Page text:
|The portico entrance to Quarry Farm|
Quarry Farm has become hallowed ground for the unconventional bunch of academics informally known as Twainiacs. I also like to count myself among them, and I was lucky enough stay there as a visiting scholar. There's an intimidating library on the ground floor that still holds many books owned by Twain's family, and makes an embarrassing reminder of how much and how widely people read in those days. (Books that Twain read and annotated, along with his famous study, have been moved down the hill to the Center for Mark Twain Studies at Elmira College.) In a small sitting room upstairs there's another collection, of books about Twain's work, life, and family. There I discovered that Twain took an interest in France before he actually went there.
Twain's first biographer was a man named Albert Bigelow Paine, notorious in Twainiac circles for being literally too close to his subject. In his last years, Twain took to dictating his version of his life to Paine while lying in an elaborately carved bed he and his late wife Livy had imported from Europe long before. Anybody who's read even a paragraph of Twain can guess what's wrong with this scenario. Twain was not always inclined toward facts and Paine was always inclined toward kissing-up. So it can be hard to tell truth from tall tale or sycophantry in the three-volume work that came out two years after Twain's death with the grand title: Mark Twain, A Biography: The Personal and Literary Life of Samuel Langhorne Clemens.
Even so, Paine's "biography" is a mother lode for Twainiacs. Even if Twain made things up and Paine exaggerated them, it still shows what Twain had on his mind in his last decade. And veins of truth run throughout, including, I think, through a fanciful passage about Sam and Joan. It describes the moment he first fell for her, an infatuation that would haunt him for the rest of his life.
As Paine tells it, young Sam suffered his coup de foudre on the street in Hanibal, Missouri, when he was about 13. His father has died, and he's gone to work as work as a printer's apprentice. Sam happens across a page from a book about Joan as it is blowing down the sidewalk. It describes her "in the cage at Rouen, in the fortress, and two ruffian soldiers had stolen her clothes." Our hero is a goner. As Paine put its, Sam:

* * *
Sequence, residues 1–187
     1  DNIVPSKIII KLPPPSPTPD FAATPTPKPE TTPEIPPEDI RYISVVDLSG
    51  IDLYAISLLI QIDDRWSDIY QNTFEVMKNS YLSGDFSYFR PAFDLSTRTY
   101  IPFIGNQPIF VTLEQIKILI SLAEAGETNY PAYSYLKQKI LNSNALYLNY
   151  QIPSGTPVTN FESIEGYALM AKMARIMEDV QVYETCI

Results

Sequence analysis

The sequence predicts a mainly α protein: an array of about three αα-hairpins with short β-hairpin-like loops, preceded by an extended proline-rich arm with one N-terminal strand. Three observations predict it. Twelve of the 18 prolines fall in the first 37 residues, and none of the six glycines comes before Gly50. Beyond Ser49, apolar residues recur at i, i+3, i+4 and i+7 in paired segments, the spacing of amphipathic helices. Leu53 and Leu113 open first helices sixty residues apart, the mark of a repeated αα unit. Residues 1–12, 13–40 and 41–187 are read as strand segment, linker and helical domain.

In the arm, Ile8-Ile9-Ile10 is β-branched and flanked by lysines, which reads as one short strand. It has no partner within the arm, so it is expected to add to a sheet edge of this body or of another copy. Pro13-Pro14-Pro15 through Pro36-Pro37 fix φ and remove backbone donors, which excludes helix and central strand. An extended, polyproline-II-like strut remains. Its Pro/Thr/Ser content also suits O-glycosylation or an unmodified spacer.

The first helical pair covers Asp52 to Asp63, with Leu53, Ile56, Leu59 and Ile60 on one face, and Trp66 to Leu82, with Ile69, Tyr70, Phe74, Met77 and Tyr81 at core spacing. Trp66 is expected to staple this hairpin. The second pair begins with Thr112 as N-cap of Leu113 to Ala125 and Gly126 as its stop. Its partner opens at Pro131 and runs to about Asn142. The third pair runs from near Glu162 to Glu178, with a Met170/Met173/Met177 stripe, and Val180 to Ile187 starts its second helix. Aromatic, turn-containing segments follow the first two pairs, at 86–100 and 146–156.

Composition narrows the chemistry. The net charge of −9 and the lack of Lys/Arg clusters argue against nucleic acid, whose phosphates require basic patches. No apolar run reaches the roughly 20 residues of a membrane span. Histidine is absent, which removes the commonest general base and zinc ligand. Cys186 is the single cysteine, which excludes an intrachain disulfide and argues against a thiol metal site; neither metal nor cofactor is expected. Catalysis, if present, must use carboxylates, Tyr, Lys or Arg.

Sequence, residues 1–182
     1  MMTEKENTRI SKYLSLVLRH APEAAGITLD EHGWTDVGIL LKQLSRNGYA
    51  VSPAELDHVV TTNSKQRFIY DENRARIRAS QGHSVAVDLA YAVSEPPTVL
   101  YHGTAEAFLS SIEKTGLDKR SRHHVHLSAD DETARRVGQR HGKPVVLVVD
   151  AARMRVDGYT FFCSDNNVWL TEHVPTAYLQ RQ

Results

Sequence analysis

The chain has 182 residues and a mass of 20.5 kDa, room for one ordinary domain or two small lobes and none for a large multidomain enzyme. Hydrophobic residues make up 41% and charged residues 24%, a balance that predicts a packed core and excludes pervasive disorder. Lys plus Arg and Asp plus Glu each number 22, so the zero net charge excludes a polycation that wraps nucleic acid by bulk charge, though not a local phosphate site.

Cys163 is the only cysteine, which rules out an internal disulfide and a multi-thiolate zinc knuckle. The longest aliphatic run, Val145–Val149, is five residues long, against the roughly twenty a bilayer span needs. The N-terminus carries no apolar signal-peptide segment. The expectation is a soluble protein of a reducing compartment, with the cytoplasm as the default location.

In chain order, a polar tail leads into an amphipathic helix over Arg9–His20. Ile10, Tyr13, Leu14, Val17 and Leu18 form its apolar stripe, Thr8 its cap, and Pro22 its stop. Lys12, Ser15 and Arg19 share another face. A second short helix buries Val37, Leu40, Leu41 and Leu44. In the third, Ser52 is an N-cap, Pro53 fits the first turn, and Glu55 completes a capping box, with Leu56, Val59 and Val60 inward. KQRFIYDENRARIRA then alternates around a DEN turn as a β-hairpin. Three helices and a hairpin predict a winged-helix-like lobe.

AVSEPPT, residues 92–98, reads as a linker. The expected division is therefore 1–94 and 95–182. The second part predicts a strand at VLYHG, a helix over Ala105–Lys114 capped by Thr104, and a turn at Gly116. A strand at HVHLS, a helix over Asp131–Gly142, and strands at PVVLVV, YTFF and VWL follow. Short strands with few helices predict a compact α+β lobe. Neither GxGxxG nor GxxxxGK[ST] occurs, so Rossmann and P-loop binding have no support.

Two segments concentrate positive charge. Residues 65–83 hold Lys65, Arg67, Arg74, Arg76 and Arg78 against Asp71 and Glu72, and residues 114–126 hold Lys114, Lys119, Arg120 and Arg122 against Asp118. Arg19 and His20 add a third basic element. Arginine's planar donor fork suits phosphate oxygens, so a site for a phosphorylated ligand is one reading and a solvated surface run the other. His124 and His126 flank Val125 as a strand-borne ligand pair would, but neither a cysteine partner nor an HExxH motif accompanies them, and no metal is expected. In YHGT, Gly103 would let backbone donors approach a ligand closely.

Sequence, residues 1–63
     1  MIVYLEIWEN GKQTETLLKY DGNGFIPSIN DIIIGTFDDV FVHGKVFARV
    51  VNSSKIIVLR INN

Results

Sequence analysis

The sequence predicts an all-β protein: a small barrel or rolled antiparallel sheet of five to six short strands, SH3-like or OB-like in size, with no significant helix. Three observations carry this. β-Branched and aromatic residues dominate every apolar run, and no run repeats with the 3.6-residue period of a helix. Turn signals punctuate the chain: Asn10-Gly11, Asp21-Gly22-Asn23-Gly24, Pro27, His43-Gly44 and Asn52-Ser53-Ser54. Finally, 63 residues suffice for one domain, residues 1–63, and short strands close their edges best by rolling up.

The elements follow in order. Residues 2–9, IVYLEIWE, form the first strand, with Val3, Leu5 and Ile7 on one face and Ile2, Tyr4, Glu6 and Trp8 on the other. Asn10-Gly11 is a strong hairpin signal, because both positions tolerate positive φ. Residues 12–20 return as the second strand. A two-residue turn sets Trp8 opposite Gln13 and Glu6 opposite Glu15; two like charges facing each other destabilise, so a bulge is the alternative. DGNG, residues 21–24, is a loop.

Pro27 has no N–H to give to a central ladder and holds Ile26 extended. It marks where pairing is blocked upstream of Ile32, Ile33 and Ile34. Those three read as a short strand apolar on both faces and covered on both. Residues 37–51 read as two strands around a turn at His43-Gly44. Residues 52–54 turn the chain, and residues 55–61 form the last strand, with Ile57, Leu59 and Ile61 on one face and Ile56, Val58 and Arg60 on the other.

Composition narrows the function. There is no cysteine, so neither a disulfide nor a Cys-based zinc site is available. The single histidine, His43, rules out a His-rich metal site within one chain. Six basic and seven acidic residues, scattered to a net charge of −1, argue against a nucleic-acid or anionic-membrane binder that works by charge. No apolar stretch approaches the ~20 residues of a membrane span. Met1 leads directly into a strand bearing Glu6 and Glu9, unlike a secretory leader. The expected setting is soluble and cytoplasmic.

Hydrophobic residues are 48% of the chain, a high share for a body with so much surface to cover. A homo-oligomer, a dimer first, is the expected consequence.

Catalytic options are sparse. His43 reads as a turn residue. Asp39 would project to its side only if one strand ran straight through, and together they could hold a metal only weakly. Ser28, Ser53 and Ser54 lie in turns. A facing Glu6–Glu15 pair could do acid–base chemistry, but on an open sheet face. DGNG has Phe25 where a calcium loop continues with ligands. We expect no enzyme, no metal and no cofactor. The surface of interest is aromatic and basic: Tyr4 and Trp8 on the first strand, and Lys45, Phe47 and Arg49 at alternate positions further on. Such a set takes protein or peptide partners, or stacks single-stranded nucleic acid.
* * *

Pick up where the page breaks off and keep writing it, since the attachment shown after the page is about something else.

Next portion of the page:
had never read any history…Now, however, there arose within him a deep compassion for
the gentle Maid of Orleans, a burning resentment for her captors, a powerful and indestructible
interest in her sad history. It was an interest that would grow steadily for more than half a
lifetime and culminate in that crowning work, Personal Recollections…”
Paine calls this moment a "turning point" in Twain's life. In full dramatic mode, he writes that "the incident…meant the awakening of his interest in all history—the world’s story in its many phases—a passion which became the largest feature of his intellectual life and remained with him till his very last day on earth."
So Twain fell for Joan across a sea of time, place, and--French-- culture. According to Paine, he “read hungrily now everything he could find relating to the French Wars, and to Joan in particular.”
Setting aside any fanciful parts of this story, Twain did develop somewhat of an obsession with Joan and went on to spend 12 years studying her life for his book, which today is little read (and for good reason).
The point I want to make, though, is that he, our most "American" of writers, first imagined a real world beyond America’s borders through a fascination with an iconic figure of French history.